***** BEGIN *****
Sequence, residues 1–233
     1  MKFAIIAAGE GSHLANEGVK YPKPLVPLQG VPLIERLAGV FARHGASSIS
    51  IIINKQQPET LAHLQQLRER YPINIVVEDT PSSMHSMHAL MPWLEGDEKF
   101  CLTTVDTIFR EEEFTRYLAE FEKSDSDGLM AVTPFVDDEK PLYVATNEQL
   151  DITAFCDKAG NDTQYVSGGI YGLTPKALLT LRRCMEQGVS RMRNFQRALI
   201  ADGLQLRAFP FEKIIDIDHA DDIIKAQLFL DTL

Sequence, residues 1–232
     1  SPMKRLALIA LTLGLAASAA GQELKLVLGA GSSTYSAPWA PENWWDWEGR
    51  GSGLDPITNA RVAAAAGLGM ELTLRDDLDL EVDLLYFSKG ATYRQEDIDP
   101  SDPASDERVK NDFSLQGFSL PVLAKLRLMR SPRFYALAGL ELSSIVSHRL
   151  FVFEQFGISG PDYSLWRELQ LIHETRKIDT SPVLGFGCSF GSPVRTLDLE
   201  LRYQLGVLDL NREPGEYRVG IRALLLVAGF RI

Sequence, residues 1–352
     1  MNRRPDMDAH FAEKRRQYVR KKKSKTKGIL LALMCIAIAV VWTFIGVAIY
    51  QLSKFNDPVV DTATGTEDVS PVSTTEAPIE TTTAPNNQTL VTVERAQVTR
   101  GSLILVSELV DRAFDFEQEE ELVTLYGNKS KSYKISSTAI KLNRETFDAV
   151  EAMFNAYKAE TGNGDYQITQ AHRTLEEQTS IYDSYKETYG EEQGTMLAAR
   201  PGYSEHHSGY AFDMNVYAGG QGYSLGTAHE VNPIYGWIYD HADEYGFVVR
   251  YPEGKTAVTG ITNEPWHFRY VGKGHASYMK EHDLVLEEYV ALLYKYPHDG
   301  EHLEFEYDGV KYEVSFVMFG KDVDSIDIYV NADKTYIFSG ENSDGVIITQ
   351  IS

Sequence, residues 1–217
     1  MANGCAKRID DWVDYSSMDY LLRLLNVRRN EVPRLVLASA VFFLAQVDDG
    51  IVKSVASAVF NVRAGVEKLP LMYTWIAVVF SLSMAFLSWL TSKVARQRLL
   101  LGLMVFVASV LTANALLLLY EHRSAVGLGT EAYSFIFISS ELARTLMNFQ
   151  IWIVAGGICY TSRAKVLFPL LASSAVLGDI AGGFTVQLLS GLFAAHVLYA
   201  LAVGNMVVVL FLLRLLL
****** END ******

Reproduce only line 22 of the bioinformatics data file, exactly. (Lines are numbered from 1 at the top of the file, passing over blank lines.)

Sequence, residues 1–217